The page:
Q. Could you share with us your process of creating each artwork?
All in all, my process is very intuitive. Usually, I start with choosing my mediums and defining if I want the piece to have a lot of texture or not. If yes, I start with layering the textures and let it dry for a few days. After a few days, I usually have a clearer picture and feeling of what colors I want to use. I then start to paint and let the materials do the rest.
The most-asked question I receive through my social media is if I could do tutorials on my creative process. I love to share bits and pieces of my painting process on my social media channels, but I don’t think I could put it into understandable words.
Q. How do you think each piece of your artwork differs from one another?
My pieces may look similar and I definitely love to highlight my style more these days, but to me, my works are all very different. This might be because I approach each blank canvas with an open mind but also love to explore my favourite elements of contrast, drama, transparency & textures in my works. Believe it or not, I didn’t feel like my works were similar at all for the longest time. It was only through others pointing this out to me that I started to look at it closer.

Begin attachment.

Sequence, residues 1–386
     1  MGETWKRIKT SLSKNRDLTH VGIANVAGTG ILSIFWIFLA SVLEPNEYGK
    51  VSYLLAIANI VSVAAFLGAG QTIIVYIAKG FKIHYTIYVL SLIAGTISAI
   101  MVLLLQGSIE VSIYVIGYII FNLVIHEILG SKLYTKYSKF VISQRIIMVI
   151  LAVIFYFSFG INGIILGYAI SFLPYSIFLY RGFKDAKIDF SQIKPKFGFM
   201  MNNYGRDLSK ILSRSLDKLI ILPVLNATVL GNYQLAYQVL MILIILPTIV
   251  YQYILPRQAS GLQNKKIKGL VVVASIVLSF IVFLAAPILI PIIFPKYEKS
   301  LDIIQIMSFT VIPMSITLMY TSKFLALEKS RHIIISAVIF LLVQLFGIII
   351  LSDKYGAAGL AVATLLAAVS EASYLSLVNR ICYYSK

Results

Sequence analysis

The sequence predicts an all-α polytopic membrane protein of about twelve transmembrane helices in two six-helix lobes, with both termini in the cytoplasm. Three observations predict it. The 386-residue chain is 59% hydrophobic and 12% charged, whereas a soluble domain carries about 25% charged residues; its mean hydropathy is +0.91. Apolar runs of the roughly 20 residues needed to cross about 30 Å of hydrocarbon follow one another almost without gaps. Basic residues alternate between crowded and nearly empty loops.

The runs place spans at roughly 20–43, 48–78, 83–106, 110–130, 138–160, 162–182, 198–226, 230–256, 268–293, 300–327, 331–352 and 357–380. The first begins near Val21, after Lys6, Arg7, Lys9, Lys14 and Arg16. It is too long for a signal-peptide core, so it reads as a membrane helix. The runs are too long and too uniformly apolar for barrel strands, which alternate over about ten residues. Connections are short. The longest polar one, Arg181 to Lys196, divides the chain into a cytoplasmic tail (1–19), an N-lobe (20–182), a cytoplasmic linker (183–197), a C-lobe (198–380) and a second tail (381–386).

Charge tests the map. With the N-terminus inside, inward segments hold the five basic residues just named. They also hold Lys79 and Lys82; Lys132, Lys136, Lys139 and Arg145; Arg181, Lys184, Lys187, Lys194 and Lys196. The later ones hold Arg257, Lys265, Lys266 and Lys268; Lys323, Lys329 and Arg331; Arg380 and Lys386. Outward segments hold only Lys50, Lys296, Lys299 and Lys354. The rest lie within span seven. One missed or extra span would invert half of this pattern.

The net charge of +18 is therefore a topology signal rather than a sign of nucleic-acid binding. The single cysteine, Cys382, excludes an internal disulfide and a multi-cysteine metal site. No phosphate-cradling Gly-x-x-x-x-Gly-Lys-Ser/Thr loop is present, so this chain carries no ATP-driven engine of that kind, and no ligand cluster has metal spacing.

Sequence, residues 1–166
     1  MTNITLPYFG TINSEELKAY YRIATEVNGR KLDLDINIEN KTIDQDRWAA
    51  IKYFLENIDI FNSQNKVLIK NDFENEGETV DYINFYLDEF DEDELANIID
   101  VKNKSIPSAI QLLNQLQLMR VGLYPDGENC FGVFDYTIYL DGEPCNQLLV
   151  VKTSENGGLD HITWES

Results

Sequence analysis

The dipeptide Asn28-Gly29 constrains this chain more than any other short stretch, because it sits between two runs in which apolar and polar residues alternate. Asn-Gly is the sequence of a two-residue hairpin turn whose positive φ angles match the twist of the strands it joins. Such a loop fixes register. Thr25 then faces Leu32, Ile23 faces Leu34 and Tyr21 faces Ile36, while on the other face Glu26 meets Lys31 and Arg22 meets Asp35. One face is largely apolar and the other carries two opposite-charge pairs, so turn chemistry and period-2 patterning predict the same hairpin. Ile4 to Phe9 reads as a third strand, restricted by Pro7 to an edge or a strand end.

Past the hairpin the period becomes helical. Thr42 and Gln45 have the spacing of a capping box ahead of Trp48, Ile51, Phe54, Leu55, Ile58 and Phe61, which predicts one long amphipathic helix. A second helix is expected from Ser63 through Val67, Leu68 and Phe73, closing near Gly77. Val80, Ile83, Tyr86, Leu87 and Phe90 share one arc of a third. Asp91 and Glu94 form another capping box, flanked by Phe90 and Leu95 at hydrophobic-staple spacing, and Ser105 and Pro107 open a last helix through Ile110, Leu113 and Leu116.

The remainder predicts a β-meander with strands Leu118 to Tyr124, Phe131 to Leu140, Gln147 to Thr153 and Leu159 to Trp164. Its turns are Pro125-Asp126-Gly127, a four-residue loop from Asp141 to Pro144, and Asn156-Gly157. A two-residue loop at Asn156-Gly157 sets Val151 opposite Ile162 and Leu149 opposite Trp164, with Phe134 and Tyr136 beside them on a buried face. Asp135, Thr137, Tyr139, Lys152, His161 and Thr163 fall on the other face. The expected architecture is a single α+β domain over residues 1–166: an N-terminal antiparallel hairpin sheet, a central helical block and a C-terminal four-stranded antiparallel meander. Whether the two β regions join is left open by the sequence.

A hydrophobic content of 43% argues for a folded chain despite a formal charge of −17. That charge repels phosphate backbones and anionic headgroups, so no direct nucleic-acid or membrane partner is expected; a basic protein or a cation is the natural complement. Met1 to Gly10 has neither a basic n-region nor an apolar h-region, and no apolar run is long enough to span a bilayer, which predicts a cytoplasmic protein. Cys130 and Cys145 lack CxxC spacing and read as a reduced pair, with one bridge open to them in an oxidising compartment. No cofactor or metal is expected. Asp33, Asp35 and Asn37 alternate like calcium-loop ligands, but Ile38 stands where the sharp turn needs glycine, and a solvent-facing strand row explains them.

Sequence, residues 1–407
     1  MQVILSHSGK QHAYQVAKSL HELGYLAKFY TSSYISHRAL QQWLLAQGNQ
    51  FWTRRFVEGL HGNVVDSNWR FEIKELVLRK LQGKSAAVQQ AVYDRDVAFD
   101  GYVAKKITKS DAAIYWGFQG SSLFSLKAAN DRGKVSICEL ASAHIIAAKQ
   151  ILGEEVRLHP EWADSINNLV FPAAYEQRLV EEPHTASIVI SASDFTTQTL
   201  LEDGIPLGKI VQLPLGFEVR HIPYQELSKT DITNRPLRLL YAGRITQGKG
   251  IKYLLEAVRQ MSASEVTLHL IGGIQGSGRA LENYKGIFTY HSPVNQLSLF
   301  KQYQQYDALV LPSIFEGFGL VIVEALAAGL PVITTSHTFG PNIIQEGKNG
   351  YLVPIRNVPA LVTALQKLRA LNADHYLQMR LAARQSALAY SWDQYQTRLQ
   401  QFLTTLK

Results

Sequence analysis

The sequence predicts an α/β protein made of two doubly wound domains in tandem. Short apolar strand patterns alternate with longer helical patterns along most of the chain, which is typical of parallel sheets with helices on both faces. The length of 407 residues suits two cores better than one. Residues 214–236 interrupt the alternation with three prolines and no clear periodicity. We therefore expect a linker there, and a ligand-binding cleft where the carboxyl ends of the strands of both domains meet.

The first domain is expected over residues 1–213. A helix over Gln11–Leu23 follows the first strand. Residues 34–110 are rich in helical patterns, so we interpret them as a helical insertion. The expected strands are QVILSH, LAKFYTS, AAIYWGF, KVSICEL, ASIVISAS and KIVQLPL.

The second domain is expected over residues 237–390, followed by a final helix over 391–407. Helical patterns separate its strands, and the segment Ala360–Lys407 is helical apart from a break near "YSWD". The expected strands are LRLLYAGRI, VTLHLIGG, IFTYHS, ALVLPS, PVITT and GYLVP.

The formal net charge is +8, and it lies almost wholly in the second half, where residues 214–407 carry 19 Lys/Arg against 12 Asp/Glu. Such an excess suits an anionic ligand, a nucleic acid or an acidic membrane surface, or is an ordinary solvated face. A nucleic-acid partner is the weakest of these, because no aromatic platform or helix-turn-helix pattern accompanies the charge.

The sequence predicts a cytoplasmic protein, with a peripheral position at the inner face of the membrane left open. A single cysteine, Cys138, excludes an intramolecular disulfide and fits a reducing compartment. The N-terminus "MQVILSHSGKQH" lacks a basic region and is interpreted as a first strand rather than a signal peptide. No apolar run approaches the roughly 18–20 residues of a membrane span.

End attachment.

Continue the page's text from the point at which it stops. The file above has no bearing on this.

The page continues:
Q. Do you have the proudest piece of artwork to share?
This is a hard question since I’m proud of my work in general, but a great example of a truly special piece for me is ‘Voyage’. It’s actually one of the most recent works I’ve signed and the process of finishing this piece took me years.
“Voyage: A long journey involving travel by sea or in space.” ‘Voyage’ was a voyage for me. I began working on this piece back in 2017 while I was still working in my own living room and could only dream of my very own studio space. I didn’t succeed in the layers I painted back then and out of frustration, I put the canvas aside. For five years, I took her out of the ‘in progress’ pile every now and then and painted a few more layers. In those five years, I even moved her from my home studio to the new studio space I finally got to have. Eventually, in 2022 summer, I took her out again and suddenly, even to my surprise, everything suddenly clicked.
‘Voyage’ is a piece that not only represents the details I love the most (texture, roughness, contrast, drama) but also tells the story of those five years and my journey as an artist.
Q. Are you inspired by any other form of artistic or creative discipline/s?
My main inspiration draws from nature and different mediums, but I definitely enjoy other forms of arts (music, theatre) as well.
Q. Are you mainly working with acrylic at the moment? Are there any other artistic approaches you would like to try in the future?
Yes, I’m mainly working with acrylics at the moment. I also love oils and pastels and would love to explore them more. But currently, I feel like my chosen mediums work the best for my needs.
Q. Could you describe your work in 3 words?
Powerful, dramatic and yet calm.